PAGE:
7. There is some disagreement between Miss Bastiman and Mr Emerson as to whether she was ever informed by Mr Emerson about ‘withdrawal times’, that is to say the period of time that the medicine should be withdrawn before racing to ensure that it is not in the horse’s system at the time of racing.  A discussion about withdrawal times would or should convey to the trainer that the medicine was or contained a prohibited substance.  Mr Emerson stated that he had what he described as “a loose conversation” with Miss Bastiman about withdrawal times.  Miss Bastiman denies that any such conversation took place. It is unnecessary for us to resolve this issue as in our view it was incumbent on Miss Bastiman to inquire and ascertain, if she did not already know, what were the constituents of the substance that was being administered to a horse that she was training. 

8. Rule (G)2.1 imposes an absolute liability on a trainer to ensure that no prohibited substance is found in a horse’s body on a day it races regardless whether or not there was intent, fault, negligence or knowledge.  Miss Bastiman has rightly admitted a breach of this Rule.  An inevitable consequence is disqualification of the horse about which we will say more below.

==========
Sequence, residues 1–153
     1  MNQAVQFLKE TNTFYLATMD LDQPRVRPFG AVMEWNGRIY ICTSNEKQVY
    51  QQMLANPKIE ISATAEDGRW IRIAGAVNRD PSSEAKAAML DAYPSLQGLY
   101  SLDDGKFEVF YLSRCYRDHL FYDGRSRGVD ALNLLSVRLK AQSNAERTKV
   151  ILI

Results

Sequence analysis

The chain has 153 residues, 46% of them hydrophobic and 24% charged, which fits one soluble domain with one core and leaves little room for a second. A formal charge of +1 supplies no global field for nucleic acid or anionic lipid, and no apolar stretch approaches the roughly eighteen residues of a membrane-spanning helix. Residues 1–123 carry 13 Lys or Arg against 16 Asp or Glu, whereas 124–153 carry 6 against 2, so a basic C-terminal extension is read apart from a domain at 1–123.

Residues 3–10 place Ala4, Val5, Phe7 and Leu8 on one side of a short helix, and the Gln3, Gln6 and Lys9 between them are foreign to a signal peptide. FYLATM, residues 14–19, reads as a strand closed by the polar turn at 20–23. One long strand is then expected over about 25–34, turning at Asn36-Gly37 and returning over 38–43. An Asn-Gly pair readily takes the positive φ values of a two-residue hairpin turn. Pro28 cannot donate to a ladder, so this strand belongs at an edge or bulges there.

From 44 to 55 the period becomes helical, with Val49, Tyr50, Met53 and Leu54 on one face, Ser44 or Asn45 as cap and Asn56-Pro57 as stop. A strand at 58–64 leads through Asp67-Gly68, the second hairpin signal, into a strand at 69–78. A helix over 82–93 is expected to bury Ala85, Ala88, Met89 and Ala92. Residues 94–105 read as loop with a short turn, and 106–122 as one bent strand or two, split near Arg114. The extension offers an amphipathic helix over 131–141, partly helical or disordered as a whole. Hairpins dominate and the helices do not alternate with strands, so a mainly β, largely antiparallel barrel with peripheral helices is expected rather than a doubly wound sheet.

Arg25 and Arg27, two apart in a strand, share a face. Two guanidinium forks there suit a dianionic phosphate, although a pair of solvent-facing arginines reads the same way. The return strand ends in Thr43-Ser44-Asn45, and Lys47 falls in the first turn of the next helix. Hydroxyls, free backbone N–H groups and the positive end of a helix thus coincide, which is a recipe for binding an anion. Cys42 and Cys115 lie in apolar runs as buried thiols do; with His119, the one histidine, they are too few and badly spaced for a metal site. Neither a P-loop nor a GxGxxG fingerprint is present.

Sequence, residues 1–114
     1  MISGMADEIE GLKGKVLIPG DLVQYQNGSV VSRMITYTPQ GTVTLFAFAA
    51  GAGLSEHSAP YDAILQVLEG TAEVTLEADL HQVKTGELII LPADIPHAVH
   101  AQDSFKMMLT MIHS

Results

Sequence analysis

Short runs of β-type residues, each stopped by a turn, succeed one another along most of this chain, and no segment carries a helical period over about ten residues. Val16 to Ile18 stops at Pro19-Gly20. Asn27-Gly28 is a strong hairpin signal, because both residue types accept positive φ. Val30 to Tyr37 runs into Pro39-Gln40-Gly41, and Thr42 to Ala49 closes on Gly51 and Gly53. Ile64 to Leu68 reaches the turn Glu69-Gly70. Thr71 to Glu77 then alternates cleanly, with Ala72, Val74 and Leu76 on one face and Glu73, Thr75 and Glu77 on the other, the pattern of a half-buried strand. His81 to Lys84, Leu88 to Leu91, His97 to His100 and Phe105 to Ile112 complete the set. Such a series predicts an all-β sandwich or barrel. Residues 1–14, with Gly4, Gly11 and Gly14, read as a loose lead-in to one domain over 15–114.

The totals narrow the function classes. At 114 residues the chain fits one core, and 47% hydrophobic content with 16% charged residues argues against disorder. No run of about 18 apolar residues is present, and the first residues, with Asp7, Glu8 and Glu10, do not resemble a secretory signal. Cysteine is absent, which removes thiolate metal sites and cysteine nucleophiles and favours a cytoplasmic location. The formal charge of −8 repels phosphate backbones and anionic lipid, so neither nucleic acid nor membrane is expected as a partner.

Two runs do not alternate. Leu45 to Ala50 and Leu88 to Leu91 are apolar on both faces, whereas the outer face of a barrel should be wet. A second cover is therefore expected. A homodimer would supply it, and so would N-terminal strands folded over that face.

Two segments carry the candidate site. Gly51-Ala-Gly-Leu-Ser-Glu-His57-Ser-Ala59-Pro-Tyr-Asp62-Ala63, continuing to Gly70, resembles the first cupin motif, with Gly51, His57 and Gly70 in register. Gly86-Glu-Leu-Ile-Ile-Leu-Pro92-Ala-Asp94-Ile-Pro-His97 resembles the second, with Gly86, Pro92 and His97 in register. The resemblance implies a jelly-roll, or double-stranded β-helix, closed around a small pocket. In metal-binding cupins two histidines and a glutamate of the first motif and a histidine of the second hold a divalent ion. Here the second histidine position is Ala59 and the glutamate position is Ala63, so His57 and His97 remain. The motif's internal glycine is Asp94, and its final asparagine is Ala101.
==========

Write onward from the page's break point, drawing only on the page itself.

9. The trainer is subject to a penalty under Rule (G)11.3.1 unless he/she can establish: 

The prohibited substance . . . was not administered intentionally by [the trainer] or by any other person . . . and[the trainer] has taken all reasonable precautions to avoid violating Rule 2.1.

10. In this case it is indisputable that the prohibited substance was administered intentionally so Miss Bastiman cannot avoid a penalty. 

11. Consideration of the appropriate penalty involves an assessment of Miss Bastiman’s behaviour in permitting the Regumate to be administered to BIG RED without regard to whether it was or might be present in the horse on raceday. Her claim is that she never realised that Regumate was a medicine believing that it was merely a food supplement.  It can be said that she was not assisted by a lack of clear, specific veterinary advice, but for her to regard a substance that was only obtainable on prescription and was for controlling or regulating the oestrus cycle of a filly as nothing more than a food supplement can at best be described as naivety bordering on recklessness.  The Guide to Procedures and Penalties puts the range of financial penalties for a breach of Rule (G)2.1 as between £750 and £10,000 with an entry point of £1,,000.  We consider a fine of £1,000 the appropriate penalty.